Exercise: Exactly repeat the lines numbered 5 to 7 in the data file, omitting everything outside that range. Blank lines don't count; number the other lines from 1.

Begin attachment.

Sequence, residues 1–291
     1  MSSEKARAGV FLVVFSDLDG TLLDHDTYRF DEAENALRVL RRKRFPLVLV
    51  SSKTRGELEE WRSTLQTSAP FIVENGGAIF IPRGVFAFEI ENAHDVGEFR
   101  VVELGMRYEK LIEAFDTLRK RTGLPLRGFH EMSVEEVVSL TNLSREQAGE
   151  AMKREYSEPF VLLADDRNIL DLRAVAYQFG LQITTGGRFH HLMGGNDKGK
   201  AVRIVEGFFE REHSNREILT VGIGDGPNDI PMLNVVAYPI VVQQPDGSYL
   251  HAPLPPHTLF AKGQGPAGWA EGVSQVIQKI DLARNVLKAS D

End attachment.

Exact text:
   151  AMKREYSEPF VLLADDRNIL DLRAVAYQFG LQITTGGRFH HLMGGNDKGK
   201  AVRIVEGFFE REHSNREILT VGIGDGPNDI PMLNVVAYPI VVQQPDGSYL
   251  HAPLPPHTLF AKGQGPAGWA EGVSQVIQKI DLARNVLKAS D